The audience’s embittered helplessness no doubt explains the success of Jon Stewart, who gives public expression to his viewers’s emotions as he sneers and pops his eyes while playing clips of politicians acting absurdly or dishonestly. For the first time, with Biden’s over-the-top performance, the enraged yet impotent TV audience—liberals, anyway—found expression for its pent-up frustration not in a comedian, but in a politician himself. In some meta-reversal of roles, the debating Biden became Jon Stewart lampooning the debate after it took place.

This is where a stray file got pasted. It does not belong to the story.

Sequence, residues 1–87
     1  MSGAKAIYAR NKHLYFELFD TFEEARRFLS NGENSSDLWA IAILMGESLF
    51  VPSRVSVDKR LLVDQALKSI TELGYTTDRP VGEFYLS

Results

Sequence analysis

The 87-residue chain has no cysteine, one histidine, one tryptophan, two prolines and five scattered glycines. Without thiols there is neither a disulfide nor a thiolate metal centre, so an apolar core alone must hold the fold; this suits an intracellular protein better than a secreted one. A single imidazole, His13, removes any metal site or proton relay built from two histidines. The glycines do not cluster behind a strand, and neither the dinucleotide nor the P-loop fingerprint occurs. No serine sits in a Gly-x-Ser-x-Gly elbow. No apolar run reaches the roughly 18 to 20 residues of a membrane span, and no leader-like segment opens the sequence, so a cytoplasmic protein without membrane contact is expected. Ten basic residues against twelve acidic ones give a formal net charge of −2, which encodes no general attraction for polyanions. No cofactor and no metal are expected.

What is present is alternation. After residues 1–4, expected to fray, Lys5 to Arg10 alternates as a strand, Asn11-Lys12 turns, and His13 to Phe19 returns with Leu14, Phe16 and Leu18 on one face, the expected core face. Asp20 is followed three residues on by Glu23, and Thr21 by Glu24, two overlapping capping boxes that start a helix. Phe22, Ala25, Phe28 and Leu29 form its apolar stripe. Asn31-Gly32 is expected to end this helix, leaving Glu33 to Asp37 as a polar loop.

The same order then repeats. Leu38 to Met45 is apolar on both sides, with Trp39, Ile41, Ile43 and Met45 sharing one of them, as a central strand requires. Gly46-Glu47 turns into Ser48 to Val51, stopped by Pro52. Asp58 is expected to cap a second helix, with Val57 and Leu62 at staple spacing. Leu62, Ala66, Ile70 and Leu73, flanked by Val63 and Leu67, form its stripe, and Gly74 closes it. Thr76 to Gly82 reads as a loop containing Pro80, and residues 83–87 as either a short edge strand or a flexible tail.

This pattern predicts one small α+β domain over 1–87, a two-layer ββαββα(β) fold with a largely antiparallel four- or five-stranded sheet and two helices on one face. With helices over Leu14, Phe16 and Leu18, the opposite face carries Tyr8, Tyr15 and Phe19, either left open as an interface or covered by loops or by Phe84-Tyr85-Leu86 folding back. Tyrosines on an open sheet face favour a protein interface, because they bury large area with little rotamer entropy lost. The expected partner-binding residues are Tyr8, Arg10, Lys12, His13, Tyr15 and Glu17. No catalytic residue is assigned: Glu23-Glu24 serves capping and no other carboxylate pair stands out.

Look at it like this. President Obama is the ego trying to maintain rational, respectable appearance while navigating the rough seas of partisan instinct on the one hand and presidential authority on the other. Romney is the remorseless super-ego, issuing punishing criticism, accompanied by stern reminders of the nature of American virtue, every time Obama opens his mouth or makes a move. In Thursday’s debate, Biden proved himself a first-rate American id.
Biden’s near-comical expressions of anger, outrage, and disbelief opened a valve. He was doing, in public, in the sacred forum of a vice-presidential debate, what so many people do in the privacy of their own homes, or in the raucous atmosphere of a bar, when they watch such a debate. He was going nuts with frustration in the face of what he considered to be phoniness and untruth.